Check Up from the Neck Up
Insights and perspectives on injury prevention, rehabilitation, health and fitness
3 Days in the Phoenix sun seems like an odd place to host one of the biggest conferences for a sport that is played on ice. This is where we launched our initiative to reduce concussion risk in the hockey world though and the response was very encouraging.
The PHATS/SPHEM conference would give any organization a run for their money for longest acronym. Consider that this year was the first time incorporating the SCAPH organization and it’s a lock to win the gold medal!
The three organizations in attendance included:
In attendance were roughly 450 athletic trainers, equipment managers and strength and conditioning coaches primarily from the NHL, AHL, CHL and Collegiate teams.
This conference is on the smaller side from those we usually go to so we’re used to a lot of people walking by our booth desperately trying to avoid eye contact! At this conference however, almost every trainer and coach stopped to ask questions.
We came into the show with only a few professional hockey trainers and strength and conditioning coaches using the Iron Neck. We left with 10 teams on board, and another dozen interested in testing it this summer.
Can't Wait to Learn
At every step of the way, we have watched closely how different professionals have utilized the Iron Neck. What we have learned from NFL and collegiate coaches will play directly into how professional and collegiate hockey coaches and trainers will utilize it.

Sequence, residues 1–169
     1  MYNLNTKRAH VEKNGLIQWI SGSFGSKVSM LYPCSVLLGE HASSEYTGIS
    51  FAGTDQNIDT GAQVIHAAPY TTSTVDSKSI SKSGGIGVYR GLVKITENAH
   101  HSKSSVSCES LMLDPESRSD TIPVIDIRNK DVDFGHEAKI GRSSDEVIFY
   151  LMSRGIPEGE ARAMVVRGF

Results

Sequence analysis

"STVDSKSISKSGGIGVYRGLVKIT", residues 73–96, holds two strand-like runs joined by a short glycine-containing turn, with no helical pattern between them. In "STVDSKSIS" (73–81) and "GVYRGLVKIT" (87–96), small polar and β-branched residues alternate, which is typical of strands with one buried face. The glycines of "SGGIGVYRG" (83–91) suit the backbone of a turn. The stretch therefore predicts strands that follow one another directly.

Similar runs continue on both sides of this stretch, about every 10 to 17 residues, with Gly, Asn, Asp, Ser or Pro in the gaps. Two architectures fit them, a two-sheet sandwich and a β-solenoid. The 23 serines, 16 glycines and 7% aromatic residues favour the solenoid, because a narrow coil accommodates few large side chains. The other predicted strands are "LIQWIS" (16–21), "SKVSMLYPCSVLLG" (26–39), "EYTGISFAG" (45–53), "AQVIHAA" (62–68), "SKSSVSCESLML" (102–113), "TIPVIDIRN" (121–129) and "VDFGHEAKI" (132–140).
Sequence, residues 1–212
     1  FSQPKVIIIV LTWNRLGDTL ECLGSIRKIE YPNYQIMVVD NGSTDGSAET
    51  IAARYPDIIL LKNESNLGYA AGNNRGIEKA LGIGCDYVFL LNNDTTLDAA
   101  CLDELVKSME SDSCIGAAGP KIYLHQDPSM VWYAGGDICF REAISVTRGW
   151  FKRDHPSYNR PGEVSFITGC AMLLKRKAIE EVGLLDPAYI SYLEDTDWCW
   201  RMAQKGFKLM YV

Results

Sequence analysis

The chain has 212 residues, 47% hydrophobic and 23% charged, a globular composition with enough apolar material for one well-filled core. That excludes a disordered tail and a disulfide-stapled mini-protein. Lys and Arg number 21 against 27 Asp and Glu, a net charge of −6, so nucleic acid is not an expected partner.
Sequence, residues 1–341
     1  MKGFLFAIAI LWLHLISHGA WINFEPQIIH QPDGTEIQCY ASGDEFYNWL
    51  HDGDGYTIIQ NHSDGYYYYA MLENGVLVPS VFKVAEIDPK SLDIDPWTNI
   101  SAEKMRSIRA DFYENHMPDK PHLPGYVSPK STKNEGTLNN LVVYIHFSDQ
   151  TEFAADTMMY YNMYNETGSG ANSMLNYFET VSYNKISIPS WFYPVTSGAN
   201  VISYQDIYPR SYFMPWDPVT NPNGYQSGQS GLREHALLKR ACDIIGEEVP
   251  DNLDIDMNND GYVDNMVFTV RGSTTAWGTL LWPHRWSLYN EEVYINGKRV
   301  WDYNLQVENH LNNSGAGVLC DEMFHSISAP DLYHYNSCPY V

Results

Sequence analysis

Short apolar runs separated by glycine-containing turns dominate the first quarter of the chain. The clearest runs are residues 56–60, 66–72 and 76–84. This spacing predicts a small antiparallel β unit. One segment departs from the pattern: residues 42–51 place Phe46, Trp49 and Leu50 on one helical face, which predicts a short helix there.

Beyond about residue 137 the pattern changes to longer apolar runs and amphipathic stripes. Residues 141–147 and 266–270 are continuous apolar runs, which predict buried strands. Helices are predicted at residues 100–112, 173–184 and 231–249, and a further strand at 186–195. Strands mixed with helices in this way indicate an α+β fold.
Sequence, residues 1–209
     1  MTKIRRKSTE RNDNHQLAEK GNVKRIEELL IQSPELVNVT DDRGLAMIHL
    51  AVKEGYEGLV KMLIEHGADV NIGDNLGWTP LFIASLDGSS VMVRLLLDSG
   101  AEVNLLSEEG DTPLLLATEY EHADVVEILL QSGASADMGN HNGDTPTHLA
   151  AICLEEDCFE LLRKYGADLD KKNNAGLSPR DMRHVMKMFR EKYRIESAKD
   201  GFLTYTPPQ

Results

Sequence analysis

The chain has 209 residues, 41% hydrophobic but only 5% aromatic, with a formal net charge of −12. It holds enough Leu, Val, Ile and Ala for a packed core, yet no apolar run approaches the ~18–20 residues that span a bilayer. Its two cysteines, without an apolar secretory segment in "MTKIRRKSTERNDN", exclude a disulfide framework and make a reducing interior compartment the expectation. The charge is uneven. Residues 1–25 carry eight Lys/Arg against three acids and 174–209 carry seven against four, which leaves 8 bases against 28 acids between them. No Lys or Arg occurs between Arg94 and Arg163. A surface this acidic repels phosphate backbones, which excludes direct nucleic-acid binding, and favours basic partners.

What excites us most about the Iron Neck though is the creativity and innovation these coaches and trainers bring to their respective sport. Motorsports performance gyms like Pit Fit Training (IN) and Team Four3 (NJ) have incorporated the Iron Neck in ways that meet the specific demands on a racers body (see below).
Based on the interactions we had this week with the leaders in the hockey fitness world, we anticipate hockey strength coaches and trainers to bring their creativity and knowledge in ways that meet the specific demands on hockey athletes.
Difference is Made at the Youth Level
Better protecting professional athletes is important given the elevated speed and strength at that level. However, developing neck strength earlier in playing careers, like in youth leagues, is where wide scale improvements in hockey concussion health will ultimately occur.
Neck training must be at the foundation of every athlete’s development. Beginning at an early age reduces the total exposure to subconcussive forces on the brain. Over the course of a 20 year playing period, this reduction can be significant.
Our hockey week in Phoenix was a good first step towards making this wide scale impact a reality.